The Delco DN 50 would be a wise investment as they can put out massive DV on an almost forever basis.

Probably 3 belts will be required to drive it , but running a belt for the AC compressor will also require a special set of brackets.

Shoalwaters 03-27-2016 07:46 AM

Fernando: sounds like your existing generator may be the best source of power. Can you modify the ducting of the cabin a/c's so it/they blow into the wheelhouse when required? 4" PVC pipe hidden in a varnished wooden trunking can solve many ducting problems.

folivier 03-27-2016 08:19 AM

Or you could buy a portable 120vac unit and move it around where you need it most.
Assuming these are available down south. Or a split unit a/c?
Arctic King WPPH-10CR5 10,000-BTU Portable Air Conditioner, White - Walmart.com

Graycenphil 03-27-2016 10:42 AM

Interesting. I never knew there were 12 volt (and 24 volt) ac systems. This company seems to have a good quality item, at least from their description: 12voltac.com

They draw 40 amps or so, which is managable from an alternator. Lots of cars have 140 amp alternators these days, so it shouldn't be too hard to do with the boat engine.

FF 03-27-2016 02:49 PM

"They draw 40 amps or so"

Which may be 2000BTU or so.

An RV rooftop is 13,000 to 15,000 BTU and might do a better job.Engine driven might be 20,000BTU.

RV will also work in port at the power pole.

Most RV units are 100-140lbs , install for a 3G load .

The RV units mount in a 14x14 cut out that could be used with a fantastic rooftop fan unit .
Or most any RV item , all 14x14 .

healhustler 03-27-2016 04:20 PM

Quote:

Originally Posted by folivier (Post 427737)
Or you could buy a portable 120vac unit and move it around where you need it most.
Assuming these are available down south. Or a split unit a/c?
Arctic King WPPH-10CR5 10,000-BTU Portable Air Conditioner, White - Walmart.com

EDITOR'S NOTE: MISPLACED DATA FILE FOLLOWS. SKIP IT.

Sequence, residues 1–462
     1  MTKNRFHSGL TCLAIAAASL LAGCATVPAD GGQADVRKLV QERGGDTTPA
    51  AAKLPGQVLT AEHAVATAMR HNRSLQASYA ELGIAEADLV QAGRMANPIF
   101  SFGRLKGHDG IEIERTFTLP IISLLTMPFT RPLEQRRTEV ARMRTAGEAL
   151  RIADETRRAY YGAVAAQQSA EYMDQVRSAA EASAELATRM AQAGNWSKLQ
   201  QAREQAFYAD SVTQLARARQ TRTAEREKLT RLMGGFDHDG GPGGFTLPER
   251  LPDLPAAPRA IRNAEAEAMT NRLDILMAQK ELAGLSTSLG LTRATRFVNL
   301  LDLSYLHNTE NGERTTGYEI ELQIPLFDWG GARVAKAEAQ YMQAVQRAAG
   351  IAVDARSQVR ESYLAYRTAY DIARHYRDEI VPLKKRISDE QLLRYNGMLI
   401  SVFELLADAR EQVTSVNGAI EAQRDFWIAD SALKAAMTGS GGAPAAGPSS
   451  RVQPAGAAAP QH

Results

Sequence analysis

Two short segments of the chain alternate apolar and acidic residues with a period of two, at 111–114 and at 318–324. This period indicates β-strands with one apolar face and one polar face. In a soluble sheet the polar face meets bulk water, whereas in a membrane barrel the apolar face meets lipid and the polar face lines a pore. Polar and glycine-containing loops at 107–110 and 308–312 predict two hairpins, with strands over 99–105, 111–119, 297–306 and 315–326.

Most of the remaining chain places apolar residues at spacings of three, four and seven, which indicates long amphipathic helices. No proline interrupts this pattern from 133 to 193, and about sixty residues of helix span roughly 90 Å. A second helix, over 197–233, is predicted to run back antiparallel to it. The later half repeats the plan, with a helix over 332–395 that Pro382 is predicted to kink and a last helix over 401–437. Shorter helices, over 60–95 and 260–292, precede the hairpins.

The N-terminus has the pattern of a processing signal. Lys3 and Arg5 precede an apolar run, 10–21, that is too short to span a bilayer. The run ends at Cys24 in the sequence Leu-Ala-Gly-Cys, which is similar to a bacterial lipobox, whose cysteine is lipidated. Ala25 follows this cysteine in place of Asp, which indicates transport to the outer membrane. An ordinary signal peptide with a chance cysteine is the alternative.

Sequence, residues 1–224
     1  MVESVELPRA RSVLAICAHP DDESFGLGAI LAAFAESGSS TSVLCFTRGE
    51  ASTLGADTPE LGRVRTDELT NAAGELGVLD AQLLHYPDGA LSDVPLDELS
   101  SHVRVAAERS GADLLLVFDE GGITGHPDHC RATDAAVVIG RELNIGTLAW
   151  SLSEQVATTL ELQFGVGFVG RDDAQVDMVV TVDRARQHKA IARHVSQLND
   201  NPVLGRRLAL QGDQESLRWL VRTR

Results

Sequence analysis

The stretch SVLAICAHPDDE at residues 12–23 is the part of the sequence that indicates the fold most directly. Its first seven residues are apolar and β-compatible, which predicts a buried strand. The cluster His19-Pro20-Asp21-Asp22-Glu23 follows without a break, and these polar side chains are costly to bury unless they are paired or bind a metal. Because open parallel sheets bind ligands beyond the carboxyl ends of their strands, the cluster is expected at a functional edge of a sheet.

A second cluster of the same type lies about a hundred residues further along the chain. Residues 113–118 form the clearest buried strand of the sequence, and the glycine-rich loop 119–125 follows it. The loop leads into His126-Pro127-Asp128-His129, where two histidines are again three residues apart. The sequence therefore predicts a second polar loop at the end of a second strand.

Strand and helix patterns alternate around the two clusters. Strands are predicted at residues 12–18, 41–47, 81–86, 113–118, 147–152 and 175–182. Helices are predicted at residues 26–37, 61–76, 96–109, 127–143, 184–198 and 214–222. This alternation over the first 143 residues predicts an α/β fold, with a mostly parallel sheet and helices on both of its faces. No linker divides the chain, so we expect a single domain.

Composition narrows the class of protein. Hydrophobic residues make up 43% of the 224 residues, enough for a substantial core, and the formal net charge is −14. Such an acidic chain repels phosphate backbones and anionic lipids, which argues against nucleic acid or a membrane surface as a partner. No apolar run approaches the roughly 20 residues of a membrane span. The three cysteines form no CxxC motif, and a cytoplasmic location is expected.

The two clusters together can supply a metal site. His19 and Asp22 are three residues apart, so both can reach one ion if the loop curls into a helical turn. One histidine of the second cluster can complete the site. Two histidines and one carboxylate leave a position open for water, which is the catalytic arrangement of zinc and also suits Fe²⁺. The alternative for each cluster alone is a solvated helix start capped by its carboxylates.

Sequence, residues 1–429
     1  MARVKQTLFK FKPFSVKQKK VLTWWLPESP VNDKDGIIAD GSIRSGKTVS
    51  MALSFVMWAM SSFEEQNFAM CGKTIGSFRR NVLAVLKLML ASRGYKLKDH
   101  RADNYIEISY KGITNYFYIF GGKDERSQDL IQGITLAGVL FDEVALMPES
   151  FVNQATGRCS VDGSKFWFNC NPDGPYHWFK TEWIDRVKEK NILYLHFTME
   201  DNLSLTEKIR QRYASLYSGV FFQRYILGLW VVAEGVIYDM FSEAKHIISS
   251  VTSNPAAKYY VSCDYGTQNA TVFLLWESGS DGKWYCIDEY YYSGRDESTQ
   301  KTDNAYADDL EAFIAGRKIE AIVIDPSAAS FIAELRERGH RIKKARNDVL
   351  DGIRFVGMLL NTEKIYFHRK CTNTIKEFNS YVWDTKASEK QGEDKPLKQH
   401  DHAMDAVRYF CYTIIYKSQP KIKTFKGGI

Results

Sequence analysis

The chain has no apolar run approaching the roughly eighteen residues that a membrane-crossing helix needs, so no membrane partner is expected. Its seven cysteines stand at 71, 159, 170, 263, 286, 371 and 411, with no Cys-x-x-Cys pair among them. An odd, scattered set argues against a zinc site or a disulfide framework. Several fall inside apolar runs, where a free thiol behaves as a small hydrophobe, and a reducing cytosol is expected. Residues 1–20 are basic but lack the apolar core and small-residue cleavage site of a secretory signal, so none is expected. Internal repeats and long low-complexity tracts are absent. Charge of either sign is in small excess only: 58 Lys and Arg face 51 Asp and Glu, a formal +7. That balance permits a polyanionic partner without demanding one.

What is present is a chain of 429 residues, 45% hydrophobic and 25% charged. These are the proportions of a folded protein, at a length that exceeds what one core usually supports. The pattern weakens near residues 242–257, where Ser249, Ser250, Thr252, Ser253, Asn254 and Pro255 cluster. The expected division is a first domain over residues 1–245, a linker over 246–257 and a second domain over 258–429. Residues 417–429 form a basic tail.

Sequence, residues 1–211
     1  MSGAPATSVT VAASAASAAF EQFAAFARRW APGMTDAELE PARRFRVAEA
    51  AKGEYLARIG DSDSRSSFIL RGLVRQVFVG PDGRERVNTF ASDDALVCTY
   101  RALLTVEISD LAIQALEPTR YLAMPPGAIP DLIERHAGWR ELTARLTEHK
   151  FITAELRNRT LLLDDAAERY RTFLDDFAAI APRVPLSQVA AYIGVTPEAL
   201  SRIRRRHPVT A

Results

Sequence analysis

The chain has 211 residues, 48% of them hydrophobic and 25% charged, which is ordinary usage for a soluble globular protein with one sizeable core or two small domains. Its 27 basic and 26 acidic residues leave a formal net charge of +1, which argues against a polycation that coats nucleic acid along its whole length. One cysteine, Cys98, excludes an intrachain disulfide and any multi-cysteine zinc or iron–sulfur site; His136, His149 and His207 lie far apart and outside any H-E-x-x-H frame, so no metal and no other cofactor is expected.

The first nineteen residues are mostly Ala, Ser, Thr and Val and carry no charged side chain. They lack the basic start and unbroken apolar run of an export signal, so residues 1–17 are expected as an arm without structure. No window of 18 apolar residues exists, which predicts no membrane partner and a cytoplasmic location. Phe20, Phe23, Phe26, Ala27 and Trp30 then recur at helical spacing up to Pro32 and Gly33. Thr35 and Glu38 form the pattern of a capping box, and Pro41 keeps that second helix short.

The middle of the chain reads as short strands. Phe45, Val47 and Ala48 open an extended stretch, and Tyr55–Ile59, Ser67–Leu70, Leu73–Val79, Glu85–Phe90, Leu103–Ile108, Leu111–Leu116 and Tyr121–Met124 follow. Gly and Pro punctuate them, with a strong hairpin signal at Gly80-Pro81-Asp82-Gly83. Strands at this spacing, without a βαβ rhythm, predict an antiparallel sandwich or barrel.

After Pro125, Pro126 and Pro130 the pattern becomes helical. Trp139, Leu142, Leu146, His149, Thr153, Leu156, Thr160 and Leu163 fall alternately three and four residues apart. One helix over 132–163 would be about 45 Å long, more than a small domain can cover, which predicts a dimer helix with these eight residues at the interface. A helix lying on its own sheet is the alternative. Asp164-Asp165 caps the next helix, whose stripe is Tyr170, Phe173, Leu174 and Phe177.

Yeah, there's plenty of portable units down here, but being air-to-air, they aren't as efficient and, in my opinion, are over rated for BTU's. I've had several 8000 and 9000 BTU models that can barely do my stateroom. I figured I could throw one of these 10 or 12K's units under my helm and duct it through the dash.....no problem, but there's too much glass. The 9K I left all day in the closed up 8 X 12 pilothouse couldn't keep up. A worthwhile addition would be 3M's UV blocking window film, which cuts heat transmission by something like 90 percent, according to the sales rep. Several new Krogens went with this stuff and it works so well that no additional pilothouse A/C was needed. Not cheap, though.

Graycenphil 03-27-2016 06:23 PM

The website claims the 12 volt unit is 8,000 BTU; can't say if that's accurate.

It sounds like you have a lot of options, but I kind of like putting film on the windows and ducting the cabin air to the pilothouse.

jeffnick 03-27-2016 08:51 PM

Don't shortchange the RV units - they are relatively cheap and hold up in salt environment. I installed one on a Parker that's going strong after 8 years.
http://www.trawlerforum.com/attachme...00e23ec90c.jpg

http://www.trawlerforum.com/attachme...11069f9e29.jpg


Miy rooftop is on a 40 year old houseboat and who knows when it was installed?
One More Time Around: Boat Air Conditioning Improvment

The R2D2 units (portables) are only spot coolers unless they are dual hose - the single hose units draw in the ambient air for cooling the compressor and send it out the window. This air has to be sucked back in from somewhere. The hoses are terribly awkward and the unit itself needs to be secured...nice for rolling around the house but we found way too much trouble on a moving vehicle (we tried it in the van and on the houseboat).

And even a cheap window unit can be of use...
One More Time Around: Boat Air Conditioning

Graycenphil 03-27-2016 09:36 PM

Do you run that rooftop RV unit with the Honda EU2000?

jeffnick 03-27-2016 10:00 PM

Quote:

Originally Posted by Graycenphil (Post 427972)
Do you run that rooftop RV unit with the Honda EU2000?

Yup. The 2000i does just fine running the 9,200 BTU Polar Cub.
COLEMAN POLAR CUB RV ROOF AIR CONDITIONER - $696.00